Babbage is a NERSC internal cluster containing the Intel Phi coprocessor, which is the first product based on Intel Many Integrated Core (MIC) architecture. NERSC is evaluating this cluster as part of its "Application Readiness" effort aimed at learning how to assist users migrating to energy-efficient, highly parallel architectures. Babbage is not available to general NERSC users.
There is one login node named “bint01”, and 45 compute nodes named “bcxxxx”, with two MIC cards and two Intel Xeon "host" processors within each compute node.
Each Xeon processor (Sandy Bridge EP) contains 8 cores, with 2 hardware threads (HT to be enabled) each core, and 128 GB of memory per node.
The MIC card hostnames are “bcxxxx-mic0”, “bcxxxx-mic1” and can be accessed directly from other nodes or other MIC-cards. Each MIC card contains 60 cores, with 4 hardware threads each core, and 8 GB of memory per card.
Use ssh to babbage.nersc.gov.
The default shell is currently bash. You can change your default shell through NIM.
The default loaded modules are as follows:
% module list
Currently Loaded Modulefiles:
1) modules 2) nsg/1.2.0 3) torque/4.2.1 4) moab/7.1.3 5) intel/14.0.0 6) impi/4.1.1
All NERSC global filesystems are mounted (except /projectb)
Running in native mode, where all code runs directly on the MIC card, is recommended. To do this, compile using the flag "-mmic."
Intel compiler is available and load by default on Babbage. Once you have logged in to the login node:
- Use ifort, icc, or icpc to compile serial Fortran, C, or C++ codes.
- Use mpiifort, mpiicc, or mpiicpc to compile parallel Fortran, C, or C++ MPI codes.
- Use the “-openmp” flag for OpenMP codes.
- Repeat: use the "-mmic" flag to compile for running natively on the MIC cards.
Other useful compiler options:
- -fcode-asm -S or -fsource-asm -S: two ways of generating source-annotated assembler
- -vec_report6: generate vectorization reports indicating loops that are successfully or not successfully vectorized, plus additional information about any proven or assumed dependences.
- -openmp-report1: generate the OpenMP parallelization reports indicating loops, regions, and sections successfully parallelized
- -guide-vec=2: causes the compiler to generate messages suggesting ways to improve vectorization
- -free: Specifies source files are in free format.
The MPI library on Babbage is Intel MPI (loaded byy default) and there are several new environment variables and command-line options that are useful or necessary.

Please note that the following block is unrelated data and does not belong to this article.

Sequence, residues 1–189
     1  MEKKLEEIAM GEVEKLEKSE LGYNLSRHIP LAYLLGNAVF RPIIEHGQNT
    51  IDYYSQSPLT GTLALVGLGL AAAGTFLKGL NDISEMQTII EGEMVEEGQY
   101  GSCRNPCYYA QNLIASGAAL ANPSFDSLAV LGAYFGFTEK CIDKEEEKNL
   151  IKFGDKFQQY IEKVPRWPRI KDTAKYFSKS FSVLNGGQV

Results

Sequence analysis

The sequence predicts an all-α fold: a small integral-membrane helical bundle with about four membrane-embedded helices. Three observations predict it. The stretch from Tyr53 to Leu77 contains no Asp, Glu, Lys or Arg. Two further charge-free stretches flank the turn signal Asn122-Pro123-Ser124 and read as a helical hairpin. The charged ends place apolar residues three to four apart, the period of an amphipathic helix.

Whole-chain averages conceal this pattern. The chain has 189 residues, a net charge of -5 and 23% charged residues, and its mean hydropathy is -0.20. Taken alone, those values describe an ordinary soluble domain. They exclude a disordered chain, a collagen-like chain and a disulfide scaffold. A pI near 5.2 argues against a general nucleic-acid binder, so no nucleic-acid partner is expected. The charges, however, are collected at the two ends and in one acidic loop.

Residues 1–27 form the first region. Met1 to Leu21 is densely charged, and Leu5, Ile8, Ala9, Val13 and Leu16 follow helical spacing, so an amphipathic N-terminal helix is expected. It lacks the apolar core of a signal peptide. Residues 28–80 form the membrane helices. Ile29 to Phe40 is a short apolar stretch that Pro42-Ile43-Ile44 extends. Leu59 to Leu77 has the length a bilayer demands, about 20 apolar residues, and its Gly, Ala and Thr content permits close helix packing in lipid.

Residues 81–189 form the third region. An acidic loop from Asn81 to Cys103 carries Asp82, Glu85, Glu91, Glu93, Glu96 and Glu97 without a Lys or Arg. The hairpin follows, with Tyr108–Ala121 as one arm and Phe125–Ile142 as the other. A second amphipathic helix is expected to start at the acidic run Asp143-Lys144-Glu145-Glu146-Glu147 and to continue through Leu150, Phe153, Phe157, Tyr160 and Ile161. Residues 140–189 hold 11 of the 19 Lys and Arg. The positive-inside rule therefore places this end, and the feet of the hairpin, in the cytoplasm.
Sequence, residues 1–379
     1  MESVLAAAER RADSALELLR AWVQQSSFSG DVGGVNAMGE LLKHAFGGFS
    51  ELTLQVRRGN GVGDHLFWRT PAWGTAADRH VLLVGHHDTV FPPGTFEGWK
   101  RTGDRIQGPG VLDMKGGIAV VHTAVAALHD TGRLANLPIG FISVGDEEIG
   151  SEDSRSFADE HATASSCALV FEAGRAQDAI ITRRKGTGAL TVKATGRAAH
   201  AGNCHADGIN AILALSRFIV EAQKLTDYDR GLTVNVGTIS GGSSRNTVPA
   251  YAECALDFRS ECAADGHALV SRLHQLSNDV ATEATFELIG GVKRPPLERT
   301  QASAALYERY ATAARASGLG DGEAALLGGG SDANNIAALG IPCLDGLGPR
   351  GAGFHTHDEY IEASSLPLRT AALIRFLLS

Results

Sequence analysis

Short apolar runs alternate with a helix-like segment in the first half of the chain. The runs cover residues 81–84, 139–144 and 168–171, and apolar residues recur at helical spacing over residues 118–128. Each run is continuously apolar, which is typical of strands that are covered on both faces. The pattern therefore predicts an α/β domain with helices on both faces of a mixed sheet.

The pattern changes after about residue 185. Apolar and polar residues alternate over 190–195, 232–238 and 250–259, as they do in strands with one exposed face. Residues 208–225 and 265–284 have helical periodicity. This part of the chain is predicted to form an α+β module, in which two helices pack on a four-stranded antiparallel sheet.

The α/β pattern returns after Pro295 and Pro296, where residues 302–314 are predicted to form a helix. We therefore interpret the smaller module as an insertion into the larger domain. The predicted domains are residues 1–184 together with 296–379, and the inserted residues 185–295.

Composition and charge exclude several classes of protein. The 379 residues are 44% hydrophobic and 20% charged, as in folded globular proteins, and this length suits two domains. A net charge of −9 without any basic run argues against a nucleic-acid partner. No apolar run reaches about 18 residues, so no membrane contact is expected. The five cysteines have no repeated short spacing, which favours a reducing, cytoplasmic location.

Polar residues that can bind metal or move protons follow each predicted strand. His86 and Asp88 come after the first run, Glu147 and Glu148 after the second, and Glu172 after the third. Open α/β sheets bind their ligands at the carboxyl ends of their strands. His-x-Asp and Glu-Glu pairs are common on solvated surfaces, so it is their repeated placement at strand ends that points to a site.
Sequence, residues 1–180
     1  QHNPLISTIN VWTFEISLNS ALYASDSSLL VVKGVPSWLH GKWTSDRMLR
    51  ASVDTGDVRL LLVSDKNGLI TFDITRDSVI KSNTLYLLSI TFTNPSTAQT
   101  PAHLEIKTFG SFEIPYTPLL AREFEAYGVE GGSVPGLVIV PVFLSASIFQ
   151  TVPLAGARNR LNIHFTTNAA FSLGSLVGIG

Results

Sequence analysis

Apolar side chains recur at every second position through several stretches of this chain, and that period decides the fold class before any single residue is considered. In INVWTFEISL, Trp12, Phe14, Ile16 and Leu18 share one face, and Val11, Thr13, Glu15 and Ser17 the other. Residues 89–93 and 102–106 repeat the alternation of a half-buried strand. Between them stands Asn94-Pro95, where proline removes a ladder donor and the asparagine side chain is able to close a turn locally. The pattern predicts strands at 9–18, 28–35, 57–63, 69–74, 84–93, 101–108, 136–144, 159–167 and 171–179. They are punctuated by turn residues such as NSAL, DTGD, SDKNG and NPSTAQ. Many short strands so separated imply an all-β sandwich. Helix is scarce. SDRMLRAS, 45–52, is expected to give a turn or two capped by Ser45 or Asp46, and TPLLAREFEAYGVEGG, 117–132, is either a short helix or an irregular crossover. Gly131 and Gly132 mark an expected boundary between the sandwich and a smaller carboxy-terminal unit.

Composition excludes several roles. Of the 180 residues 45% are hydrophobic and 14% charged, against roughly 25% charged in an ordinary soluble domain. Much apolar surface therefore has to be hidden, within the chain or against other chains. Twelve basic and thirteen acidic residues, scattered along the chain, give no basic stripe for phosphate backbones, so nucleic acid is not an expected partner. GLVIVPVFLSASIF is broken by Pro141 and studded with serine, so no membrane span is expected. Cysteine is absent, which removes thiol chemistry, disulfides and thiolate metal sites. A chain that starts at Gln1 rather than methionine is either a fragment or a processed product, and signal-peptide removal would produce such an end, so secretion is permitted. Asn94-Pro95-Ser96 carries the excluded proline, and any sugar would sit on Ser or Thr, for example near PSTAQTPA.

To run interactively:
bint01% qsub -I -V -l nodes=3 -l walltime=00:30:00
Below is a sample batch script to run a hybrid MPI/OpenMP job using across the 4 MIC cards that belong to the 2 compute nodes that are allocated to the batch job. There are total of 4 MPI tasks, 1 MPI task per MIC card, and 60 OpenMP threads per MPI task. Use the "qsub" command to submit a batch script to the batch system.
#PBS -q regular
#PBS -l nodes=2
#PBS -l walltime=02:00:00
#PBS -N my_job
#PBS -e my_job.$PBS_JOBID.err
#PBS -o my_job.$PBS_JOBID.out
export I_MPI_MPIRUN_CLEANUP=1 (# plan to be added into the impi module file)
mpirun.mic -n 4 -hostfile micfile.$PBS_JOBID -ppn 1 ./myexe.mic (# sometimes the full path to the executable is needed, otherwise you may see a "no such file or directory" error).
Here "get_micfile" is a NERSC utility script that mimics the $PBS_NODEFILE but prints out the following to a file "mic.$PBS_JOBID" in your submit directory (assume the two nodes your batch job is allocated to are bc1013 and bc1012):
If you would like to run on just one or any number of the MIC cards that are allocated to your batch job, you can edit a custom hostfile and use "--hostname my_custum_hostfile" in the above mpirun command instead. You can also spell out the MIC cards as below:
mpirun.mic -n 2 -hosts bc1013-mic0,bc1012-mic1 -ppn 1 ./myexe.mic
Environment variables can also be passed in a sample mpirun line as below:
mpirun.mic -n 16 -hosts bc1011-mic1 -env OMP_NUM_THREADS 2 -env KMP_AFFINITY balanced ./myexe.mic
The "-genvall" argument to the mpirun command is recommended to export all environment variables to all processes.
Thread Affinity Options
The following choices can be used for env KMP_AFFINITY to set OpenMP thread affinity.
- none: this is the default setting on the compute hosts.
- compact: binds threads as close to each other as possible (This is the setting on the MIC cards.)
- scatter: binds threads as far apart to each other as possible